Ok, so I'm not having a problem but I didn't know where else to place this question.

I'm just now "re-learning" C++, I never got into GUI programming before and it's been almost 4 years since I last touched this language.

Anyways, my question is simply, do you code a GUI or do you design it?
What I mean by this is, there are a lot of tools out there with a nice design view of what you're doing. You can drag and drop buttons onto a window, you can drag and drop a browserController and a bunch of other things.

There is still coding behind all of this, to make it work the way you want it, but do people code their own GUI as in they write code to create a new window, they write code to place a button in this window and on this position. Or do they use one of these design view thingies. Like Visual Studio and the QT Creator?

And when I say people I mean the general professional development. Programs like Netbeans, Eclipse, Chrome, Firefox etc etc.

The same with games, obviously they code the actions for the user and whatnot but do they have a program where they can place npcs, buildings etc or is it all done in code?

I only recently learned to use GUIs but for the most part I think that it is a complomise. I use photoshop to create my images/textures then load them into my program. For 2d programs I usually draw out my view by hand to try to find out where to place the desired graphical elements. I still have issues designing 3d worlds (although I hear Autodesk Maya is THE tool for it?). From what I have learnt from others it seems that the more your code and your design work together, the better your final project will be. Leaning too far to either of them creates issues. For example, leaning too far to the code side tends to create substandard visuals, leaning too far towards design leads to substandard mechanics. You need both, and lots of both. If you have issues making images, or placing them, try asking a visual arts student (if you can bear it) or at least look up some of the principle theories on visual art and image composition. Realize that just as every frame in a movie should follow the rules of image composition, so should any screen capture of your program, but not at the price of usability and smoothness. Short answer: You really should code and design GUIs. If you use a tool to design it I would suggest trying to find the exact coordinates of everything so that you can put it into the code from the design area.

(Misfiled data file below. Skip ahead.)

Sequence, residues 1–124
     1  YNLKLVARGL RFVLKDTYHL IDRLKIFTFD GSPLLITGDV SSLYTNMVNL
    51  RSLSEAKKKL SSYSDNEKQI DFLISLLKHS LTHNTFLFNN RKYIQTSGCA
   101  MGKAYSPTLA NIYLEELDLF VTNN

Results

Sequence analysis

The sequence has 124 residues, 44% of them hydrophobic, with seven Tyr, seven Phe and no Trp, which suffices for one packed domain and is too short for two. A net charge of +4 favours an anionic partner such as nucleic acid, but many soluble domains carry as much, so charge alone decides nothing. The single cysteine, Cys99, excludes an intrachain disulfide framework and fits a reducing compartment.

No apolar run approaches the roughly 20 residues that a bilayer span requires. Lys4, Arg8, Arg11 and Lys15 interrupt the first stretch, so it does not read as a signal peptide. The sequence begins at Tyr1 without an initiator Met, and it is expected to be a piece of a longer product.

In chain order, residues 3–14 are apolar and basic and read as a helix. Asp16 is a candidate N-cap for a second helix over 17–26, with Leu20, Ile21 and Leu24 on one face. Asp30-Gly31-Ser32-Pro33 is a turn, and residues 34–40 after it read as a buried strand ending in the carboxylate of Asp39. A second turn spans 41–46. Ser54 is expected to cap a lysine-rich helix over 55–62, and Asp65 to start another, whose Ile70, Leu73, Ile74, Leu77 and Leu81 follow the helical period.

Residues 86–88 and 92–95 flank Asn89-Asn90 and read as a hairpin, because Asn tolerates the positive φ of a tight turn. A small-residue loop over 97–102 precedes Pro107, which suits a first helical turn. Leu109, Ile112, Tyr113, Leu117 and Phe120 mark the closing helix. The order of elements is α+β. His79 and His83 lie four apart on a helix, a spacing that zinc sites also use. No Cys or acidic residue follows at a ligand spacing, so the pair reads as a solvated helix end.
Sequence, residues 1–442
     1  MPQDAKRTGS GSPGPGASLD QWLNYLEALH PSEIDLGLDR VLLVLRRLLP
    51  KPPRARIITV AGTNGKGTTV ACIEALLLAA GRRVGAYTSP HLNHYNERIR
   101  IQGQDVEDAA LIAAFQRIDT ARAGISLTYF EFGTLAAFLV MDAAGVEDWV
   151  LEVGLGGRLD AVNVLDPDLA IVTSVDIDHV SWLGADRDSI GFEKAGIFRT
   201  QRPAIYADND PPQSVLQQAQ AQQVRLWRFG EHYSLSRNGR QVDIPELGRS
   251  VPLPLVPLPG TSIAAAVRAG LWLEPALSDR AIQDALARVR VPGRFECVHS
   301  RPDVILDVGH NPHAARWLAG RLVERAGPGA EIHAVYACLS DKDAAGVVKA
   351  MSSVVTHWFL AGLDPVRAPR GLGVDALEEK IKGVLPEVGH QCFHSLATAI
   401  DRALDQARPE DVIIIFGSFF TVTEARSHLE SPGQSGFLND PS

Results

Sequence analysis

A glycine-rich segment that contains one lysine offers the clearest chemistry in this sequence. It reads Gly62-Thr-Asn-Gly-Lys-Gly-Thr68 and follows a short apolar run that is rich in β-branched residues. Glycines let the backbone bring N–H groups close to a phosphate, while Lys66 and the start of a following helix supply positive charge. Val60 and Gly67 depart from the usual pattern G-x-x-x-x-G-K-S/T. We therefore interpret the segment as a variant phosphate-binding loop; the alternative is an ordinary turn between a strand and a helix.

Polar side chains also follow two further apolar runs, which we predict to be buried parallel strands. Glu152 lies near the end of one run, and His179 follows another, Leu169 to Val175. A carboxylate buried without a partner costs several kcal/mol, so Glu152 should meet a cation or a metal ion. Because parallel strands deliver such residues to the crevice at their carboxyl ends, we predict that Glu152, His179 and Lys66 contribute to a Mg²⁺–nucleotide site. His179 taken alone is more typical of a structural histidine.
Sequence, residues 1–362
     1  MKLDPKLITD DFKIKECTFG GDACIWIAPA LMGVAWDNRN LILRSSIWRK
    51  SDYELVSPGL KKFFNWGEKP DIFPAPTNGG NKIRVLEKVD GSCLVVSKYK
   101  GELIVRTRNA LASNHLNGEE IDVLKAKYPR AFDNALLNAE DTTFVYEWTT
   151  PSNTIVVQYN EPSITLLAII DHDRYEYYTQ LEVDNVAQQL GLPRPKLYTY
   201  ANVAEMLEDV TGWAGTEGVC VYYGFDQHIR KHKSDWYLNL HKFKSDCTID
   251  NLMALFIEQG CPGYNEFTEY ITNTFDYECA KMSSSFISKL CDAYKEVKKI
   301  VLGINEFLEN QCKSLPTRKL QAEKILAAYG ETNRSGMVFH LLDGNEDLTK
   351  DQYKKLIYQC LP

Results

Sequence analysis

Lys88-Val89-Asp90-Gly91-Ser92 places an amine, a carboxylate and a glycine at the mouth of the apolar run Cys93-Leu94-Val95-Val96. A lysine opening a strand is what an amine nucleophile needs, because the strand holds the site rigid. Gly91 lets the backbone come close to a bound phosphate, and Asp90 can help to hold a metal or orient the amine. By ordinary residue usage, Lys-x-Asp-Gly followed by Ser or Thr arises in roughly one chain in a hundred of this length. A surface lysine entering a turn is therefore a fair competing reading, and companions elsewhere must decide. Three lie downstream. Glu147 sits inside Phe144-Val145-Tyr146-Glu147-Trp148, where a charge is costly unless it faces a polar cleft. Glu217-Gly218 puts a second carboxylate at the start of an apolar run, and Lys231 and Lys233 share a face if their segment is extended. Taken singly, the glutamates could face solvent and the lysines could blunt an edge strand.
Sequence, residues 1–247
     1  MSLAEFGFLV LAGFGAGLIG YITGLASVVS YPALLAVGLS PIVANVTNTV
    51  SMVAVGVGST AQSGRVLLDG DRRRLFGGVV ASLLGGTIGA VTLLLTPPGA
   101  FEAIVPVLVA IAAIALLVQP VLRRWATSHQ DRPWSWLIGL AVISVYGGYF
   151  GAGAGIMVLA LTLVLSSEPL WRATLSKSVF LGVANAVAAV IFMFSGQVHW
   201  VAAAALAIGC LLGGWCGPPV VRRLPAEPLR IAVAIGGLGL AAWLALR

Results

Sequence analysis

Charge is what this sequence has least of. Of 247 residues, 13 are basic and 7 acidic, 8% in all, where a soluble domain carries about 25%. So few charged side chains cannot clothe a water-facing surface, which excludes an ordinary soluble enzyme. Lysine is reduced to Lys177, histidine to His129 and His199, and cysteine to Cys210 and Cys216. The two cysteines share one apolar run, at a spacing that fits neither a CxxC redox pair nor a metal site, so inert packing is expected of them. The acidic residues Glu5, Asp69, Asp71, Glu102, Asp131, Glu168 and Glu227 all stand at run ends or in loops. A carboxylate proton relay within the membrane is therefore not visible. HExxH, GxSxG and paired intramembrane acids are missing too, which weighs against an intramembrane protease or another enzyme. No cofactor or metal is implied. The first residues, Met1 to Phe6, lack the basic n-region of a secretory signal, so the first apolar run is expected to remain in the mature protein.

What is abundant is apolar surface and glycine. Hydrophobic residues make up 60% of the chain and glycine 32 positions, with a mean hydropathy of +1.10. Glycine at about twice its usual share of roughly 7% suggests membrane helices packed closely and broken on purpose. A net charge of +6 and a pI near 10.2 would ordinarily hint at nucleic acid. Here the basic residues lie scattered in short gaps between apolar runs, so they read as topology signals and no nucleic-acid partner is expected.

I guess I agree with Labdabeta.

It's a matter of balance. There are things that you need to code, and there are things that would be really stupid to do via code.

The reason why drag-drop GUI designers exist is because it is really asinine to do all that in the form of code. For example, if I'm creating a notepad application, I need the edit area to be resized every time the window is resized, i.e., it should fill the window. I could code this up via an "OnResize" event with code to update the size and placement of the edit area within the resized window area. But doing this would be a waste of time, if all I need to do is check a checkbox in a GUI designer to tell it that I want that component to expand along with its parent window. And then, I won't even talk about how wasteful it would be to actually have huge lengths of code that just place components at the right place and resize and all that stuff. Doing all that stuff via code is like creating a 3D model with lots of code that creates the mesh with hard-coded points. When you think of it that way, and know how stupid it would be to create your 3D models like that, you realize why drag-drop GUI designers are good and what they should be used for.

And then, of course, you have stuff you need to do with pure code, i.e., commonly referred to as the "back-end". And very often, actually, the back-end is a separate set of small programs, especially in Unix-like traditions, which is generally useful because the GUI can change at a whim, but the back-end code is generally much more complex and kept long-term.

So, the tricky part is about where the drag-drop designing stops and where the coding starts.

In my experience, you cannot create any kind of non-trivial GUI without good software design under-the-hood. That doesn't mean you necessarily do more coding than GUI designing, but it means that you must design your GUI by thinking about the way you're going to deal with it (its components) in the code, and also by understanding the limitations of those drag-drop designers.